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  17. Keith R...

    Keith R... Registered User
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    Thanks Duncan and Martin. I'm working on my focal plain of
    the cheap camera, since I'm used to it.

    Keith R...

    100_4315 (1600x1200).jpg
     
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  18. Keith R...

    Keith R... Registered User
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    The Blew verge is a dud. Locked up and won't wind. I've asked for
    a return due to arriving damaged. His sales statement was, did not want
    to wind it because he heard it causes damage to a watch.

    So back to seller.

    Keith R...
     
  19. Keith R...

    Keith R... Registered User
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    I'll have to re-fire this one tomorrow at 8:30 (whichever one I'm awake for) and run the test.
    It gained before it quit. So I think now that it likes running, I'll see if it's running a bit fast.

    It winds smooth and ticks very loud. Anderton - 1800 Liverpool.

    Keith R...

    100_4335 (1600x1200).jpg
     
  20. Keith R...

    Keith R... Registered User
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    #220 Keith R..., Mar 8, 2019
    Last edited: Mar 8, 2019
    The Anderton Verge is running good in all positions and as of this typing, it's about +2 minutes
    since the 8:30 A.M. start time. So I feel getting 6 minutes back will be the target with one click
    counter clockwise, on the Tompion regulator.

    I managed to pick up a Going barrel rail road key wind from the same collector I grabbed the
    Savage 2 pin lever from. It's a 15 jewel adjusted open face key wind by the National Watch Co.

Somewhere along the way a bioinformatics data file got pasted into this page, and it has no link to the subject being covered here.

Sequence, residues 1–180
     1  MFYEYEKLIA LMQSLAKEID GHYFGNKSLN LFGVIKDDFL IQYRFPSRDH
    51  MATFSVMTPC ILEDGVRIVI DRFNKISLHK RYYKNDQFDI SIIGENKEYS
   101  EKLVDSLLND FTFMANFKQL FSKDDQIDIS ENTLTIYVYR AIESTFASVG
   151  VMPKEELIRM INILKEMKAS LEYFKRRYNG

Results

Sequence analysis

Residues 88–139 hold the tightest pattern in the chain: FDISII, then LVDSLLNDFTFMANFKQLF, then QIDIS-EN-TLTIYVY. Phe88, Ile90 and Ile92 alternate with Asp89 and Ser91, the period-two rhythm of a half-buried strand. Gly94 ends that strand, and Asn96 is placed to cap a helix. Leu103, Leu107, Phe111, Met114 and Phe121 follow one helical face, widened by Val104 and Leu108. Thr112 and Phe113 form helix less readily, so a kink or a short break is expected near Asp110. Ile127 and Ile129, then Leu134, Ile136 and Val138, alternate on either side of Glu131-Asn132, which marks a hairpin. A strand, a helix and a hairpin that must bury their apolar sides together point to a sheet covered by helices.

(Elgin). My corresponding English watch from 1850 would be the rail road equivalent after
    adjustments for positions to each, at time of use (if used in rail service). The national Watch Co.
    key wind was produced in 1871. The Oliver Gerrish watch is a 17J Liverpool runner hallmarked
    in a Ralph Samuel's case, for 1850. The Gerrish watch is a lever fusee.

    I don'y own any Going barrel English watches.

    Keith R...

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  21. Keith R...

    Keith R... Registered User
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    The Anderton will reach +one hour in 24.

    Probably 2 clicks counter clockwise in the end, but how does one eat an elephant:???:,
    "One bite at a time".

    Keith R...
     
  22. Keith R...

    Keith R... Registered User
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    Let's hope the Scale works clockwise to slow the Anderton down, it's all I was
    left with. The scale was bottomed out at IV. Here's the funny thing, I fell asleep
    and woke up the watch stopped at 3:15. I adjusted the Tompion and was going
    to start it up one hour behind and track it to the BW Raymond until I remembered
    tonight is daylight saving time and it goes back one hour anyway. So now on time.

    Keith R...
     
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  23. PatH

    PatH National Program Chair
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    I generally end statements such as Keith's with...."yet" as I have found that to be the case more times than not. ;)